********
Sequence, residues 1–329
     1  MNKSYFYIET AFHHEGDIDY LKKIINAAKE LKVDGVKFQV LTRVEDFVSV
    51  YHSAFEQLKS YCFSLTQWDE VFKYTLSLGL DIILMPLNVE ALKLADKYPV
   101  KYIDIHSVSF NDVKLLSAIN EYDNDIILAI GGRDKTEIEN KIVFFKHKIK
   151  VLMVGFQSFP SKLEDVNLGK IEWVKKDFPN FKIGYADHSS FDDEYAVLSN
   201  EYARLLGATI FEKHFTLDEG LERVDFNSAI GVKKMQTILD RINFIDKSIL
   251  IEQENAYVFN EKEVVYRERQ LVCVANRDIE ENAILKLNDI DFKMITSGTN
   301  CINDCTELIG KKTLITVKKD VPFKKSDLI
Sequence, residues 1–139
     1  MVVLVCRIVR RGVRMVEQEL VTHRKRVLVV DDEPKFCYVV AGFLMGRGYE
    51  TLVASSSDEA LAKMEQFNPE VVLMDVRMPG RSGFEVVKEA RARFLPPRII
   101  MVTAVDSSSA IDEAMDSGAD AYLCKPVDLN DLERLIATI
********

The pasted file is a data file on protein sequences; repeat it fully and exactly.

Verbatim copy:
Sequence, residues 1–329
     1  MNKSYFYIET AFHHEGDIDY LKKIINAAKE LKVDGVKFQV LTRVEDFVSV
    51  YHSAFEQLKS YCFSLTQWDE VFKYTLSLGL DIILMPLNVE ALKLADKYPV
   101  KYIDIHSVSF NDVKLLSAIN EYDNDIILAI GGRDKTEIEN KIVFFKHKIK
   151  VLMVGFQSFP SKLEDVNLGK IEWVKKDFPN FKIGYADHSS FDDEYAVLSN
   201  EYARLLGATI FEKHFTLDEG LERVDFNSAI GVKKMQTILD RINFIDKSIL
   251  IEQENAYVFN EKEVVYRERQ LVCVANRDIE ENAILKLNDI DFKMITSGTN
   301  CINDCTELIG KKTLITVKKD VPFKKSDLI
Sequence, residues 1–139
     1  MVVLVCRIVR RGVRMVEQEL VTHRKRVLVV DDEPKFCYVV AGFLMGRGYE
    51  TLVASSSDEA LAKMEQFNPE VVLMDVRMPG RSGFEVVKEA RARFLPPRII
   101  MVTAVDSSSA IDEAMDSGAD AYLCKPVDLN DLERLIATI